254 F2d 295 Rodriguez v. Texas Company

254 F.2d 295

Francisco RODRIGUEZ, Plaintiff-Appellee,
The TEXAS COMPANY, Defendant-Appellant.

No. 184.

Docket 24833.

United States Court of Appeals Second Circuit.

Argued March 4, 1958.

Decided April 23, 1958.

Mack Kreindler, New York City (Benjamin Glickman, New York City, on the brief), for plaintiff-appellee, Francisco Rodriguez.

Arthur M. Boal, New York City (Arthur M. Boal, Jr., Tompkins, Boal & McQuade, New York City, on the brief), for defendant-appellant, the Texas Co.

Before LUMBARD, WATERMAN and MOORE, Circuit Judges.


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This is an appeal from a judgment of $1,750 entered in a personal injury action brought for negligence under the Jones Act, 46 U.S.C.A. § 688, and unseaworthiness. On August 24, 1955 the plaintiff Rodriguez, while performing his duties as a wiper on defendant's tanker, the SS "North Dakota," slipped on some oil which was present on a platform in the engine room, fell and injured his elbow. The defendant's motion for a directed verdict was denied; the jury returned a verdict for the plaintiff of $2,000, and after verdict, upon the motion to set aside, the plaintiff accepted a reduction to $1,750.


That the entire case rested exclusively upon the testimony of Rodriguez does not, contrary to defendant's intimation, entitle it to a directed verdict. From this testimony the jury could have found that the oil was leaking from a turbine casing onto the platform where the plaintiff was working. This was sufficient to raise an inference of unseaworthiness or negligence. Varveris v. United States Lines Co., 2 Cir., 1957, 249 F.2d 89. The fact that plaintiff was charged with maintaining the platform in a clean condition and the question of whether or not he should have noticed the presence of the oil on the platform, while issues to be considered by the jury in determining the plaintiff's contributory negligence, if any, did not destroy the prima facie case.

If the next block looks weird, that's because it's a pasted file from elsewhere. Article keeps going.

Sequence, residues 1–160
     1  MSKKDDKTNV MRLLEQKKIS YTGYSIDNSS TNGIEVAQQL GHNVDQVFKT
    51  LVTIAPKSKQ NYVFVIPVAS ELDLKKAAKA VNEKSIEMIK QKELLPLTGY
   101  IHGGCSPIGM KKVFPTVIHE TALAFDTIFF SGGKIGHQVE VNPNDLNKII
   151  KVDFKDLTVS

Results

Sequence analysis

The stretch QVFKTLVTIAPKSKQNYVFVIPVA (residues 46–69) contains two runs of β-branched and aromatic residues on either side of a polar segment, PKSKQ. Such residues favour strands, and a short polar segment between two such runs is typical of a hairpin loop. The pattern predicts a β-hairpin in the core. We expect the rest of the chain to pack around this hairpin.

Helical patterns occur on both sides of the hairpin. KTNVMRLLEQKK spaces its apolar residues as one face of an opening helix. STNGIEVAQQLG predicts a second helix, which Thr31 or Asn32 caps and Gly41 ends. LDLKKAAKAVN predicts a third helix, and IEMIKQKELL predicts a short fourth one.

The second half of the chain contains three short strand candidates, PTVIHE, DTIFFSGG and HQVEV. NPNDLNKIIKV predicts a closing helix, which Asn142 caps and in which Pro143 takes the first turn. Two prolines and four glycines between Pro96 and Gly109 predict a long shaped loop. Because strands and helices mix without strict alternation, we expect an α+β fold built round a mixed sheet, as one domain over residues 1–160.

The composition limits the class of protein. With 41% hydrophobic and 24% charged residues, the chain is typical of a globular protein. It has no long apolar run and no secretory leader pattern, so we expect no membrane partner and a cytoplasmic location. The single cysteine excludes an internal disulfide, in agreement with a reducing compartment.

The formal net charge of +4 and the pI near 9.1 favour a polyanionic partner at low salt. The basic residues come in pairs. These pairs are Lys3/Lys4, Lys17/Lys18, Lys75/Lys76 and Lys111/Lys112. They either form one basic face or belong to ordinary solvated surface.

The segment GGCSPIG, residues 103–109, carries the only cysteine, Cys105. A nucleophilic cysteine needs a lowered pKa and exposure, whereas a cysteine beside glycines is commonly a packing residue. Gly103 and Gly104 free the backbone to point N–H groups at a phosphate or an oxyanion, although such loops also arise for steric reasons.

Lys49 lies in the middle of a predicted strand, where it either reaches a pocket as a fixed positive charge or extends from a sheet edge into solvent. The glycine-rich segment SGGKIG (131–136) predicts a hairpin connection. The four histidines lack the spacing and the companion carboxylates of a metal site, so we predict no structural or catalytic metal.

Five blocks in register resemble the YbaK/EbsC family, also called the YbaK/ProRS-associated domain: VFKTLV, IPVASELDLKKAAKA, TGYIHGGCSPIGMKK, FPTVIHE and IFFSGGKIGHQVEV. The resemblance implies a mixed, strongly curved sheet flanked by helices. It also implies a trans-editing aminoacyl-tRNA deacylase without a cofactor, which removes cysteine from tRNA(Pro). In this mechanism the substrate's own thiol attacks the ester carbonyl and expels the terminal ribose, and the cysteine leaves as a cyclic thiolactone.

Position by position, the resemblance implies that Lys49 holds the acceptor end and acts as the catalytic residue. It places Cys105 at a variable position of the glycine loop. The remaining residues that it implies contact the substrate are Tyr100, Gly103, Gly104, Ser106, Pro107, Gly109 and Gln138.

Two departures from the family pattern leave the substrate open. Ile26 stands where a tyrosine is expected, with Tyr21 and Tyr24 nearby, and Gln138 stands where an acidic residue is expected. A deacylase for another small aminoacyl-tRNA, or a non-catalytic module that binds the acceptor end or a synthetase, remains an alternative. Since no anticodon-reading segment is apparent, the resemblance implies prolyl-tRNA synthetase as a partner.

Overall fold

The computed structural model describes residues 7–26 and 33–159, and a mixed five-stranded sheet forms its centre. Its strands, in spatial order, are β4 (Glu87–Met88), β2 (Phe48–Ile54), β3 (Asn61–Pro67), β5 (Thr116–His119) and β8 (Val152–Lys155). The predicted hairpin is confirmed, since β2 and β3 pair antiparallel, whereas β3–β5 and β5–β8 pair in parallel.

The court in its charge on special damages made reference to the services of the plaintiff's medical expert witness. Although these services should not have been mentioned, the error did not seriously prejudice the defendant because the court immediately after this single allusion correctly instructed the jury as to the allowance of special damages.


The judgment is affirmed.